Unsung is a riveting, emotional memoir not for the weak of heart but for all who have wished for hearts capable of enduring in spite of loss. Unsung is about a mother and daughters battle to cope with schizophrenia, a disabling mental illness thatMoreUnsung is a riveting, emotional memoir not for the weak of heart but for all who have wished for hearts capable of enduring in spite of loss.
Unsung is about a mother and daughters battle to cope with schizophrenia, a disabling mental illness that resists treatment and affects the lives of everyone close to those living with it. Unsung cuts scalpel-like to the rotten core of our current mental health care system, exposing pharmaceutical companies, mental health care centers, and psychiatrists for the often unconscionable role they play in doing everything but healing those who are mentally ill. It is a memoir in which the truth is unbelievable.
And the unbelievable is true. Fired with a mothers fury and passion. Laced with love and laughter. Irreverently reverent about everything from affairs of the garbage industry to Zen, rich with one-of-a-kind friendships, it is one womans journey to heal her daughter and to find herself. The journey is both heartbreaking and heartwarming. There is romance so strong some readers will buy the book simply to read and reread Haleys passionate encounters with Jake Welch-a German Italian bad boy and full-time mechanic, twelve years her junior.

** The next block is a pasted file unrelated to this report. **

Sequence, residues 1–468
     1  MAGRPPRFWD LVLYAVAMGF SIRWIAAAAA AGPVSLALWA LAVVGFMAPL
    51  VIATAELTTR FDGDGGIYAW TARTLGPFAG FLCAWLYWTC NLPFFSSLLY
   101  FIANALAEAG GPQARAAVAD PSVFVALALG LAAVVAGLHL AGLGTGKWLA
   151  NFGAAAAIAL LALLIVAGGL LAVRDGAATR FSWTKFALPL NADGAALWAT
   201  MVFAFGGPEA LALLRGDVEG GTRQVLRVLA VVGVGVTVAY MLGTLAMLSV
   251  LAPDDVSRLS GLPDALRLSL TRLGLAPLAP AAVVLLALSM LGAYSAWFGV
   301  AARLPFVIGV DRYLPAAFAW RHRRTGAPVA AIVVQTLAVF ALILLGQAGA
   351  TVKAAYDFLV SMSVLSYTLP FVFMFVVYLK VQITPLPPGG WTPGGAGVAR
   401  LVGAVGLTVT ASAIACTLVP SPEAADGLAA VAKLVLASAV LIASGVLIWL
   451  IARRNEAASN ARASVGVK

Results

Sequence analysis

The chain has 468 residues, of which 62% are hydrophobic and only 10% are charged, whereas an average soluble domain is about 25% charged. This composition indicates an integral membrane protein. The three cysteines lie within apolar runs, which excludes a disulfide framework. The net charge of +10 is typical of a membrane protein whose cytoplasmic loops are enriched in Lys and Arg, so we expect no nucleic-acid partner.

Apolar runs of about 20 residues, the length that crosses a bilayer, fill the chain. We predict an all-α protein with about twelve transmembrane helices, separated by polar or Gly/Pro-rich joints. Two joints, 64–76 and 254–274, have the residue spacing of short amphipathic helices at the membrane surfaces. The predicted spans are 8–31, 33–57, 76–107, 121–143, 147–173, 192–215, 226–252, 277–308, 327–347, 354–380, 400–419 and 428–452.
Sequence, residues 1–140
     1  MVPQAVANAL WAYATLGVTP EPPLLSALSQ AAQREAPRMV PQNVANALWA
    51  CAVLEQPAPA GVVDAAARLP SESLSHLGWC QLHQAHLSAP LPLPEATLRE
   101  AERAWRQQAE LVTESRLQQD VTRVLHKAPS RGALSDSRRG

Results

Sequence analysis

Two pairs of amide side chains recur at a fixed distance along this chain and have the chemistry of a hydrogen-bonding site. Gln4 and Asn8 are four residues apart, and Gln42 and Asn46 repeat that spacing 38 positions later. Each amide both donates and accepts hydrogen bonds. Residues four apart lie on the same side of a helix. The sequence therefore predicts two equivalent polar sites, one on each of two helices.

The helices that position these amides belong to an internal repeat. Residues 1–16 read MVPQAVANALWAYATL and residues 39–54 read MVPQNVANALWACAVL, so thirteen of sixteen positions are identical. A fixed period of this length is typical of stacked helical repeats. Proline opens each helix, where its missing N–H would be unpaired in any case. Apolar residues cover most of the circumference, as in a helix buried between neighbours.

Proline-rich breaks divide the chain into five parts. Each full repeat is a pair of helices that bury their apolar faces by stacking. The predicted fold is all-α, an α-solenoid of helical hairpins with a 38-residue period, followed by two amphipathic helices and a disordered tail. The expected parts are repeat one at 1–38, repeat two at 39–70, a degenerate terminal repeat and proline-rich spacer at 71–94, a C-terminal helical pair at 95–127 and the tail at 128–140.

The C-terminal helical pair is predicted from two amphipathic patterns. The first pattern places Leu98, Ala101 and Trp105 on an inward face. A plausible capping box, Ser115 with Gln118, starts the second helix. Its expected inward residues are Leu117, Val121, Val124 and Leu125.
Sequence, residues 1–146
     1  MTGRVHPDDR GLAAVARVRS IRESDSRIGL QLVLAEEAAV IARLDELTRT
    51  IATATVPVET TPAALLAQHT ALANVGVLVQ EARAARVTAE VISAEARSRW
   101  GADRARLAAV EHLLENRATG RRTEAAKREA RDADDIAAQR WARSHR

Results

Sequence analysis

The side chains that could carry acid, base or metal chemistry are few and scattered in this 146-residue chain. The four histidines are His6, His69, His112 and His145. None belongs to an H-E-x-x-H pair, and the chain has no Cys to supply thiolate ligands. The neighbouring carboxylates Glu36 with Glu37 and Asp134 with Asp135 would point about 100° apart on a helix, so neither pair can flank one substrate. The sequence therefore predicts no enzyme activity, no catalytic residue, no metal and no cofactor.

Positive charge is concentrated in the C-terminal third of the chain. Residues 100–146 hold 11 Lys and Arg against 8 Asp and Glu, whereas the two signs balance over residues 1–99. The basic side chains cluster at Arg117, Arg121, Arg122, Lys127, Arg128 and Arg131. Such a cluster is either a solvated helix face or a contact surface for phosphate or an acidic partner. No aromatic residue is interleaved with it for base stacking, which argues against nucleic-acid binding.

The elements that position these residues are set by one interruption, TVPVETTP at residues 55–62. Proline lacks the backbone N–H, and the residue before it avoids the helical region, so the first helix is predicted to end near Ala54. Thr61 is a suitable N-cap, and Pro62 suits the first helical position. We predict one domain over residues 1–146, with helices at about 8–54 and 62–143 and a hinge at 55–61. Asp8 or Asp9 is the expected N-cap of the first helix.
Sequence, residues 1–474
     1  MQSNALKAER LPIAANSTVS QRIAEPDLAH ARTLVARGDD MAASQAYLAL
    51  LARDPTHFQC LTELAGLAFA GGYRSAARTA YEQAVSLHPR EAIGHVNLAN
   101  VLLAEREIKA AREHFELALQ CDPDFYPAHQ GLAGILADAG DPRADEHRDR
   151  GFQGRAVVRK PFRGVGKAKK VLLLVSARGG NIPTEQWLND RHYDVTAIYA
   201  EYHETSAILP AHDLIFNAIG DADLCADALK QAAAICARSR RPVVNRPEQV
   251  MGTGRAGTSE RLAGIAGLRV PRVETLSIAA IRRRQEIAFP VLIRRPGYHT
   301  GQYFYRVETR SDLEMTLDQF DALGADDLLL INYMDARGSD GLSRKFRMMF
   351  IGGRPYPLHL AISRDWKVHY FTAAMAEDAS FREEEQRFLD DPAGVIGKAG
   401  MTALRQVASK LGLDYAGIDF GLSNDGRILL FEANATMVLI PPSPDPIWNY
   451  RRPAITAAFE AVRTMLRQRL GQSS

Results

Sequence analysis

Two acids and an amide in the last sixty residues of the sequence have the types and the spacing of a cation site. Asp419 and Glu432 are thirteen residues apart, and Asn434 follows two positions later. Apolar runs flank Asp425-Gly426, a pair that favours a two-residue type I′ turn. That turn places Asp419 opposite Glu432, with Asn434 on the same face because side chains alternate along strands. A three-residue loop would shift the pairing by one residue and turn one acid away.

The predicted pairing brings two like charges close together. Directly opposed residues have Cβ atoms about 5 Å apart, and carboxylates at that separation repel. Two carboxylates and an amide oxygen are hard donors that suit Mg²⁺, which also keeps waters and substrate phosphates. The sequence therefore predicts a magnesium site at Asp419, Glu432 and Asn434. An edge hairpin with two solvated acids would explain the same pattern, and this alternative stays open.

But there is more than one love story in these pages, along with many surprises. The memoir takes its readers through cross country moves, an eviction, a car wreck, hurricanes, a near drowning, the loss of two jobs, loss of credit, an audition for a reality t.v. show, suicides. Women of all ages will read Unsung because it will take them from the place they are and the things they have feared to who they can be. Men will read Unsung for a thoughtful, funny womans take on who they are and who they arent. Those living with mental illness will read Unsung to learn and to grieve and to find hope.
Those who love action and suspense, thrill seekers, will read Unsung for an unbelievably believable adventure. Romantics will read Unsung for its unusual love story. Those who love true stories will read Unsung to connect with a mothers real experience with her childs illness. Unsung is both timely, with our newfound awareness and appreciation of the fact women do blossom as they age, and topical, since most of our lives are affected in one way or another by mental illness. But it is much more than that. With its honest, often funny, always courageously tender human voice, Unsung is a memoir that urges its readers to hitch hike through stars, to fly through water, to swim the earth, to dive down deep enough to find themselves.